An actress as an activist

Manisha Koirala.

Manisha Koirala.  

ONE FELT sorry for her. She had been laid up in bed for the past three weeks with jaundice. This, one's new favourite, vivacious Bollywood heroine. Bold, bubbly and articulate. A woman with a thinking head, and a generous heart.

Too much of holidaying and water sport during the last festival and a subsequent break in Goa. And then those taxing stints with Kamal Hasan on the outskirts of Mumbai for the under-production "Mumbai Express" seem to have taken their toll of a body frailing from after-effects of weight-shedding to re-restore the youthful vigour that sometimes too much of rest can do to a woman's body, in particular.

"I had been tiring of the same routine, the same kind of roles over and over again - even what they call bold ones. I had been doing that for 13 long years. I was no longer in any sort of race, and there was nothing more to prove to anyone in terms of talent. So I decided to cut down on assignments. Even that was misconstrued. They started saying Manisha was no longer in the running. And then when I decided to do another interesting glamorous role in this film called `Chahat' with relative newcomers, they said it was desperate." That was a grave error of judgment, though she defends it. "It was a bad film and any amount of decent work will not be noticed. It is part and parcel of this job. If I do only good films, unfortunately I will be bankrupt as I have crossed 30."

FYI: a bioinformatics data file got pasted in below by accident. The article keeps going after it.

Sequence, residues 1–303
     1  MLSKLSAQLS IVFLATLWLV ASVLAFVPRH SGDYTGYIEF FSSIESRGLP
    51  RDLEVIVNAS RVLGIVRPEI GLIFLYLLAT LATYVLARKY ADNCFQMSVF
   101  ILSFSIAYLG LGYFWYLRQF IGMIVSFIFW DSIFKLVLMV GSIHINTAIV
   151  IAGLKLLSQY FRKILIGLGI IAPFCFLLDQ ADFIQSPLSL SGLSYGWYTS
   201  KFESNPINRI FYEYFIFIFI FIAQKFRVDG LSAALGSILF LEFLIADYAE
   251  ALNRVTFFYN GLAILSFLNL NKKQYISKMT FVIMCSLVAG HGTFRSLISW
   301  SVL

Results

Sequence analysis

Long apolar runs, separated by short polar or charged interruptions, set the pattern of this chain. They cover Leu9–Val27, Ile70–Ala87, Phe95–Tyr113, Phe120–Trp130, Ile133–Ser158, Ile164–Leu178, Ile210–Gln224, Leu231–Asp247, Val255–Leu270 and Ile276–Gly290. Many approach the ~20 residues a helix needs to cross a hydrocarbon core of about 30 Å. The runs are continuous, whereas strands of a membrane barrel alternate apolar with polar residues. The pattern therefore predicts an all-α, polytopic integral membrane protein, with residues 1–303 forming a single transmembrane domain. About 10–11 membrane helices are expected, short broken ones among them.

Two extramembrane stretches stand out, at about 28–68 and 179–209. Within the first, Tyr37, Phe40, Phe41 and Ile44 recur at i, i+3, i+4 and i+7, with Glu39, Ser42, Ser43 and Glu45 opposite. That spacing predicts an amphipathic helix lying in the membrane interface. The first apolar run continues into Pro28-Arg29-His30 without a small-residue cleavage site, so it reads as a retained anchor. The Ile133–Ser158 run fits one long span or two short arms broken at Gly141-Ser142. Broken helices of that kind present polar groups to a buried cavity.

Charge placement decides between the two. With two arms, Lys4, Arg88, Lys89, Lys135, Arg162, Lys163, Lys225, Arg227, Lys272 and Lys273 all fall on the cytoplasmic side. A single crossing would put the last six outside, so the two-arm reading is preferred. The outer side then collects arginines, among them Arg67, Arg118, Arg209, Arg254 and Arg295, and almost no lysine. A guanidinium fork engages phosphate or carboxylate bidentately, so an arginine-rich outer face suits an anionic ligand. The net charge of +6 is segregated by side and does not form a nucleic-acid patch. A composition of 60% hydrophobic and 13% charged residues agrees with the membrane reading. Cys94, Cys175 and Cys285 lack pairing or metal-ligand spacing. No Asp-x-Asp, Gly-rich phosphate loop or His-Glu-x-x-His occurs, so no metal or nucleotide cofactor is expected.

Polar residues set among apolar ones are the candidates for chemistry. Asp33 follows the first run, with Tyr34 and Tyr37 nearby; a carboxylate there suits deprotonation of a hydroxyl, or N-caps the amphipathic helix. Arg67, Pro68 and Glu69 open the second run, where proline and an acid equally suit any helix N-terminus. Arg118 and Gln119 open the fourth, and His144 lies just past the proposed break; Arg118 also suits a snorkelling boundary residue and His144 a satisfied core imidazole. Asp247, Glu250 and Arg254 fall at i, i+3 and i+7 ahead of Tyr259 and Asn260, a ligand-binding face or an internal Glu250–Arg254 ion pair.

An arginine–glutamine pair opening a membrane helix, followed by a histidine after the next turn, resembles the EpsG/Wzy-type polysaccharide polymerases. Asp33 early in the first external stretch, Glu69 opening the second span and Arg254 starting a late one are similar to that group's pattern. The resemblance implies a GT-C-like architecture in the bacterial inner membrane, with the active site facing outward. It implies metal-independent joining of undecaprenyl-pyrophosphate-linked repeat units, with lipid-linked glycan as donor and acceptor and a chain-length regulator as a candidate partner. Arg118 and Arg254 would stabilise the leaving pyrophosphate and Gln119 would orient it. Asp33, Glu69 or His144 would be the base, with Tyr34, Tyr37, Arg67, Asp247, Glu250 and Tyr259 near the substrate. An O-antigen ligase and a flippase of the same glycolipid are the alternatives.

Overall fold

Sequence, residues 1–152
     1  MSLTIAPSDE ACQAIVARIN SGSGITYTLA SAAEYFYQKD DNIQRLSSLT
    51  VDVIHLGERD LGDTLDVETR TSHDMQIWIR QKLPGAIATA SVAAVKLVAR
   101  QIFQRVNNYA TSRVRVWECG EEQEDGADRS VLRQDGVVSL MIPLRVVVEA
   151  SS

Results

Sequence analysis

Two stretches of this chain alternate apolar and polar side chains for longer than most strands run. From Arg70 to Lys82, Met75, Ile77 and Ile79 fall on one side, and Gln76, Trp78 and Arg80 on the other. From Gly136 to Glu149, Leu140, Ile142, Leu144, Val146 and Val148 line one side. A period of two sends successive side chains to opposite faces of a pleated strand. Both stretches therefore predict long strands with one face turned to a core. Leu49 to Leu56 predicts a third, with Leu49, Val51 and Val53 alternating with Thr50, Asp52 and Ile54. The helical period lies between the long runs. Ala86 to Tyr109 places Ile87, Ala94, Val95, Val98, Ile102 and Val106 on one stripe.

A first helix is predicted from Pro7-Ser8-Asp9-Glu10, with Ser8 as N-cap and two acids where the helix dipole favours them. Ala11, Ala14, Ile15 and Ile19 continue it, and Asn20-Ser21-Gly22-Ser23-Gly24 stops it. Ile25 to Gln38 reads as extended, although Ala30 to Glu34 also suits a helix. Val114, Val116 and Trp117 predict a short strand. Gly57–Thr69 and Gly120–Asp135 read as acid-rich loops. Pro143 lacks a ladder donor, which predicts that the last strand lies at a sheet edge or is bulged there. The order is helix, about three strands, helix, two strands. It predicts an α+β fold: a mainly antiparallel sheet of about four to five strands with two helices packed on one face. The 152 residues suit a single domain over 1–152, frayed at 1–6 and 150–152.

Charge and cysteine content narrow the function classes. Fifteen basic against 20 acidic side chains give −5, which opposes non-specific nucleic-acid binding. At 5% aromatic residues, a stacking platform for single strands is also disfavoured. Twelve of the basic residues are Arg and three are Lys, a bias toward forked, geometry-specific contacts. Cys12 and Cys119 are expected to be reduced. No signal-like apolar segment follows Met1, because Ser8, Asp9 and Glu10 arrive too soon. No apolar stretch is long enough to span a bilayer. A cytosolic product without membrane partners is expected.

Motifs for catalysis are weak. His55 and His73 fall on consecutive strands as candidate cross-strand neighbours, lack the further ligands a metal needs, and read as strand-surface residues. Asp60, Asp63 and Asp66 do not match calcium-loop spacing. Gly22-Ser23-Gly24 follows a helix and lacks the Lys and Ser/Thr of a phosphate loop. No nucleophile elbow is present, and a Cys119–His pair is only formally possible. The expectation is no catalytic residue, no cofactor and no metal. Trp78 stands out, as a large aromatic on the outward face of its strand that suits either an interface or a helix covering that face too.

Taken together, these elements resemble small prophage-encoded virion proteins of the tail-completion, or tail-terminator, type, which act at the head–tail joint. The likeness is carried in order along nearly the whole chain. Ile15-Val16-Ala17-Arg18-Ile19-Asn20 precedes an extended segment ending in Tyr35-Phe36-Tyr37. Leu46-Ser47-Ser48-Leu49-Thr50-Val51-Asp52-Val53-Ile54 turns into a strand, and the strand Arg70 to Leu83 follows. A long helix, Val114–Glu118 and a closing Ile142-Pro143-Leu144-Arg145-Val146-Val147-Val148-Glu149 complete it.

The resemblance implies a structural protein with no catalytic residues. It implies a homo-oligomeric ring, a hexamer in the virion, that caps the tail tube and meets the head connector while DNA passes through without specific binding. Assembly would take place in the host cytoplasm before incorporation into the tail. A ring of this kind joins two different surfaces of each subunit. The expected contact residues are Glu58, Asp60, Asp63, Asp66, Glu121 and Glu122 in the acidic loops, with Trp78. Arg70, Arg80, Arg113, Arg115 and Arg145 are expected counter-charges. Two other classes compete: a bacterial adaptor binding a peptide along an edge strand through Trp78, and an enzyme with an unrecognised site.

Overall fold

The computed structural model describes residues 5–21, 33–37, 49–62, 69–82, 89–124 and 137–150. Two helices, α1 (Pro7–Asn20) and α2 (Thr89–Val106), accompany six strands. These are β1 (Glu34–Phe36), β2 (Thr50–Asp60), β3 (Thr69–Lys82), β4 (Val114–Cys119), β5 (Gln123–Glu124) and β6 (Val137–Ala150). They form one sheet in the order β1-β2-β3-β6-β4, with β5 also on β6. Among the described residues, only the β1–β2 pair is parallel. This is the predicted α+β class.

But then the developments in Nepal grip her. Her frustrations come to the fore. "Basically I want Nepal to be left alone to deal with its problems or help in peace prospect not in a disturbing manner. The point is it's a phase for press to write anything sensational without a strong base of truth or forgetting to write about the other aspect. I don't belong to this and never will." Is that an ageing actress basking in the shadows of wishful thinking, a staunch nationalist bothered by events in her motherland, or a budding activist, and a human rights in the making those strong statements?

Or all of them rolled into one, spitting fire not on screen, but off it and, perhaps, preparing herself for a different role in life - far away from the grime and glitter of arc lights, for a performance under a harsh sun in the open sky? Seeking freedom from all sorts of bondage. So whatever anyone might say, Manisha Koirala is unwilling to allow anyone to write her off in a hurry, on the basis of a few failed flicks alone.


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